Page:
Bargain Hunting: A Permanent Consumer Mindset? - Twice

Bargain Hunting: A Permanent Consumer Mindset?

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TWICE:

Will the consumer psyche ever fully recover from the recession, even after the economy does?

Michael Vitelli, Best Buy:

I’m not an economist or a psychologist, but I think the answer to that is no. This has had a profound impact on a lot of people. My grandparents were from the Great Depression and that’s all you heard about for many, many years.

When I look at my generation, whatever that is, we grew up in a period of tremendous prosperity. Then all of a sudden, as we’re all starting to think about retiring, that has all changed materially. It’s not a trivial change in people’s lives, and I think it will have a lasting psychological impact.

TWICE:

David, your business caters to a celebrity clientele. Has the recession changed their buying habits as well?

David Pidgeon, Starpower:

Oh sure, and I’ll give you an example without using a name. We have a relationship with the Dallas Mavericks and work with all of the players. One of the new Mavericks, a great guy, was giving us an order, but he said somebody else gave him a bid that was $20,000 less. Usually pro basketball players don’t really care what they spend, but he said there had to be a negotiation. In the past that never would have been.

I recently had a guy in, a friend, wanting an extra $500 off. I was like, “The $3,000 suit and the brand-new 600 Mercedes is telling me you don’t really need the extra discount.” He said he knew he shouldn’t have driven here with the new car.

That’s what we live in right now, and it doesn’t matter who the client is. The bigger the client, the more they expect at this point.

People are doing stupid things for no reason, that’s what’s causing it, and it’s creating a lot of confusion over price. We sit around the table looking at TV prices that we haven’t seen in our whole lifetime, and then you have a customer come in when something’s marked at cost because you’re trying to match a price leader, and they ask for $100 off that. You look at them like “Are you crazy?” People don’t understand, and it’s our fault. We have shoved all of these low prices at them, and their thought process is, “Hey, I’ll just keep going lower because whatever it is, I can get it for less.”

A way to get away from that is the use of “free,” or the bundle, because in tough times people want a reason to buy and they want something for free. But I don’t think our customers realize the value of a TV right now compared to other consumer products. Our industry ought to concentrate on showing the value we offer rather than focusing on price.

Fred Towns, New Age Electronics:

Part of that is also the Google search mentality. We all carry smartphones today, and shoppers are so well-equipped walking into a retailer that they can in one second pull up in their hand what a search engine says is the best price out there. You see it in the car business too. People come in now and know the Blue Book value and what the best prices are anywhere in the United States for a vehicle. They also know what to say and ask. They are armed differently to attack a retailer, and we forget about that. I saw a lot of people over the holidays looking at a TV in a store and then punching in the model number to see if that was really a great price or not.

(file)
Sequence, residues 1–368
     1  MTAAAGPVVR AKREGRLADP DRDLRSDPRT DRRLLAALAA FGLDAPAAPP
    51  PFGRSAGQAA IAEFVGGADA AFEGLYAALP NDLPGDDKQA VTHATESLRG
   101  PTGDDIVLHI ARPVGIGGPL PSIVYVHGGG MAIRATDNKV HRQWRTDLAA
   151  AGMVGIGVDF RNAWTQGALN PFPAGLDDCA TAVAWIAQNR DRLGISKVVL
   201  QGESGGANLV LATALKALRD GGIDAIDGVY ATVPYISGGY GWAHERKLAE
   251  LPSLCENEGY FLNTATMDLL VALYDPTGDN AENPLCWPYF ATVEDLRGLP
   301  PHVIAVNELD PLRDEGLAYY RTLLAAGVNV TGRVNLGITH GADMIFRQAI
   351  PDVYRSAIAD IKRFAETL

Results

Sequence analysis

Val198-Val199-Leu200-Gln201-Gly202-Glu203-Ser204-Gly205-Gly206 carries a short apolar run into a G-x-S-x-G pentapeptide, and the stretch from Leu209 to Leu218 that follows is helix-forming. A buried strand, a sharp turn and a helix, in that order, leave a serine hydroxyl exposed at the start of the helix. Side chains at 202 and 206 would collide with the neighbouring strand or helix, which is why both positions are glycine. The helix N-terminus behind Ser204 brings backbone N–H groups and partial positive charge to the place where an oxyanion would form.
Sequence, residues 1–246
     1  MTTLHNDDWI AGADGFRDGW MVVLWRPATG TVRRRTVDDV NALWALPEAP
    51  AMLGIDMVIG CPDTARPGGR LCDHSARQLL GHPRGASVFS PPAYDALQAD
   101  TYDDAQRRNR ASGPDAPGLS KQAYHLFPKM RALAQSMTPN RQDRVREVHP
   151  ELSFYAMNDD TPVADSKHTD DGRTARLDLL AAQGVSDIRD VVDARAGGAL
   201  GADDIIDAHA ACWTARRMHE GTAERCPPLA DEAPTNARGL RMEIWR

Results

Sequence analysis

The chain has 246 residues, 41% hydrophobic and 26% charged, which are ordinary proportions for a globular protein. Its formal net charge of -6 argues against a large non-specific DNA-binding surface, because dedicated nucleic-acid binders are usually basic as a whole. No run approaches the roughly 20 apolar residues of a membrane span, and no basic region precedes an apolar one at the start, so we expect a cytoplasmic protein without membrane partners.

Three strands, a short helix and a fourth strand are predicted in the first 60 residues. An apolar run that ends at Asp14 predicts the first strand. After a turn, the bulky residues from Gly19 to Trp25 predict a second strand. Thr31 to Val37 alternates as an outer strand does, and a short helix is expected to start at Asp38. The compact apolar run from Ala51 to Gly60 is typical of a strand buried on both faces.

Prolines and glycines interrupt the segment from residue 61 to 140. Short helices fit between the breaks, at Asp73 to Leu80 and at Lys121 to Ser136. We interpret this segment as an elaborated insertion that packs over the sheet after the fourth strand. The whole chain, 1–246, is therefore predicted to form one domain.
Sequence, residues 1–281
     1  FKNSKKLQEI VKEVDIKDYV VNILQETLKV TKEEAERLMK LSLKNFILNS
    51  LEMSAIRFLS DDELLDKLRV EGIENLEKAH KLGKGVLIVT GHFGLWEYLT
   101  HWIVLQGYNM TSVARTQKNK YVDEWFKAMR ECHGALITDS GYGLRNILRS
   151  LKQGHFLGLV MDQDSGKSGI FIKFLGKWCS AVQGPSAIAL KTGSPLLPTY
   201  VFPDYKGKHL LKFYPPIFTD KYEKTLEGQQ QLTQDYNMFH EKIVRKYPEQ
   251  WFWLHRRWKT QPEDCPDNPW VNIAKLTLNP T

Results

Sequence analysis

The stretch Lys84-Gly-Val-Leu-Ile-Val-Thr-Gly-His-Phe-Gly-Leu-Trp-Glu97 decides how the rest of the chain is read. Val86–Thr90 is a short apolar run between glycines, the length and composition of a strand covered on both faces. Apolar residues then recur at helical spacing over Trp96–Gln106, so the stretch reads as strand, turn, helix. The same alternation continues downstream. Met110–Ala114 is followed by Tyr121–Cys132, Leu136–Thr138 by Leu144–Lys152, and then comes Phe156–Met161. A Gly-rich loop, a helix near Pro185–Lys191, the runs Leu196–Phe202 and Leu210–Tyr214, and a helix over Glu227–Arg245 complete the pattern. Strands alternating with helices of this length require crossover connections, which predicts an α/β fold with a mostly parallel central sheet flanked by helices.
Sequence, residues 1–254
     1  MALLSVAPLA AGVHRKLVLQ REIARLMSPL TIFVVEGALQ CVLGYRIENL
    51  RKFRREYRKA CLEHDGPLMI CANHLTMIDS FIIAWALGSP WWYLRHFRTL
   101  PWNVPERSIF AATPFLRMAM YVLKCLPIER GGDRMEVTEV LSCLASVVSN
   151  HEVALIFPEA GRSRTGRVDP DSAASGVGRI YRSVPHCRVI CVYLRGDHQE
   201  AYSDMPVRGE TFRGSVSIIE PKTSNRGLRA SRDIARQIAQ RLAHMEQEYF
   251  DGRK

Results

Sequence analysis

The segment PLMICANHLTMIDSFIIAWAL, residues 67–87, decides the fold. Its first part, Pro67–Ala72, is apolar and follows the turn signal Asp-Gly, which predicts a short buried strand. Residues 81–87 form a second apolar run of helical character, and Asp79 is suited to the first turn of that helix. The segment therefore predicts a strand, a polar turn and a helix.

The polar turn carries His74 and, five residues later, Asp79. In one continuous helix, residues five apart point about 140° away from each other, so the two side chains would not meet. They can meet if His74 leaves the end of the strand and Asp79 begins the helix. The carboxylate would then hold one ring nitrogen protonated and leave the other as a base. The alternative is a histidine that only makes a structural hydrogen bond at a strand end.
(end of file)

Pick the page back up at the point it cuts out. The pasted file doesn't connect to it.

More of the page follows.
Gilbert Fiorentino, Systemax:

That is one of the greatest challenges we face in the next couple of years. There is an Apple app called Red Laser where you can just scan a barcode. There’s one for the Blackberry called Edocrab, which is barcode spelled backward, and I even fi nd myself using it. I was in a bookstore with my daughter, who needed an otoscope for medical school. I scanned the barcode. It was $360 in the bookstore, and Amazon had it for $160.

It’s very hard to stand in a retail establishment and not order this right now on my Blackberry for $160 and have it in two days. But what happens when that bookstore can’t afford to carry that otoscope anymore because everybody is doing the same thing, and they can’t make the margin that’s required to carry that? They’re not going to bundle it with a scalpel.

What’s going to happen at that point is we will see more deterioration in our space. That is one of the greatest challenges we are going to see in the next fi ve years. How are we, as retailers, going to continue to generate margin when there are very, very low-cost suppliers who can provide things to customers in a few days with no shipping, and no sales tax for that matter. It’s very, very aggressive compared to a retail mode.


Dave Workman, PRO Group:

That was one of the unique aspects of the recession. Conspicuous consumption went out of vogue, and it was really hit from two sides: You had the baseline unemployment numbers and the upper end of the market, which was traditionally more recession proof. Everybody was to whatever degree trading down in their decision making, and the challenges were exacerbated by that dual affect. At the same time with all of the pricing pressures and everybody chasing that business, it’s no surprise that the results were what they were for the year.

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